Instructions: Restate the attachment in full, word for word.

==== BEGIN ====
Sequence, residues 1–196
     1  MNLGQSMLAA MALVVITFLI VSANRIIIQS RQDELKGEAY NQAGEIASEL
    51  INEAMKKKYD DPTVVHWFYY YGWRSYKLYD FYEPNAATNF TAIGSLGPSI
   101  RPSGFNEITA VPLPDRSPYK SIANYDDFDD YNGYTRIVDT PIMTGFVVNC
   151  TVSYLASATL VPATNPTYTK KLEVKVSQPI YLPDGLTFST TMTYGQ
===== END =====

Sequence, residues 1–196
     1  MNLGQSMLAA MALVVITFLI VSANRIIIQS RQDELKGEAY NQAGEIASEL
    51  INEAMKKKYD DPTVVHWFYY YGWRSYKLYD FYEPNAATNF TAIGSLGPSI
   101  RPSGFNEITA VPLPDRSPYK SIANYDDFDD YNGYTRIVDT PIMTGFVVNC
   151  TVSYLASATL VPATNPTYTK KLEVKVSQPI YLPDGLTFST TMTYGQ